The IELTS and TOEFL exams are known and feared by English language students worldwide. Both exams are used by universities to assess the English language ability of applicants. IELTS is widely used in the UK and Australia and also recognised by most American and Canadian universities, including Harvard Business School; TOEFL is used mainly by American universities, though also accepted in the UK and Australia. Next month we will examine the TOEFL exam; this month we will focus on IELTS.
IELTS stands for the International English Language Testing system. It operates on a nine point band, where a nine indicates that the student has a level of English equivalent to a highly educated native speaker, and it tests all four skills ( reading, writing, listening and speaking) in an academic context. Generally speaking, undergraduate students need to obtain a score of 5.5 overall to gain university admission and postgraduate students need a score of 6.5 overall. Some universities will ask for higher grades for all courses, or for specific programmes. The IELTS exam can be taken at centres worldwide and at frequent intervals throughout the year. Candidates pay a fee to take the exam.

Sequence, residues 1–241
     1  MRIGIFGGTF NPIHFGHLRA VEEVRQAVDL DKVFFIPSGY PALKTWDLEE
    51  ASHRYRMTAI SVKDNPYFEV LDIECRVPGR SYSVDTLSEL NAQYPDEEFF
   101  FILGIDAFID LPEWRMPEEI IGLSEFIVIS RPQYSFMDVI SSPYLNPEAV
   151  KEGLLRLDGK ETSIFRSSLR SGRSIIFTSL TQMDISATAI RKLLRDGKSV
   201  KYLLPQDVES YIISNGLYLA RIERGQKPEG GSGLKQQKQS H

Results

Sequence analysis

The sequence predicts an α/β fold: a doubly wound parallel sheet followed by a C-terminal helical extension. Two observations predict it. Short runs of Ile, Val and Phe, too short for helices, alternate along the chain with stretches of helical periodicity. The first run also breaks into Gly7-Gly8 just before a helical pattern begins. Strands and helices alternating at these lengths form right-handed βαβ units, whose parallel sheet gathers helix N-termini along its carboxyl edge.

For language school owners the preparation courses for the IELTS exam are frequently a major source of income. IELTS is becoming increasingly popular throughout Asia and students usually need to attend a year long preparation course to do well enough in the exam to apply to an overseas university. There is a wealth of preparation material to use on these courses, including plenty of mock exam material. Teachers who are asked to teach IELTS should be given a thorough briefing on the demands of the exam and a brief training course. Details can be found on the IELTS website (www.ielts.org).
By Carl Newbauer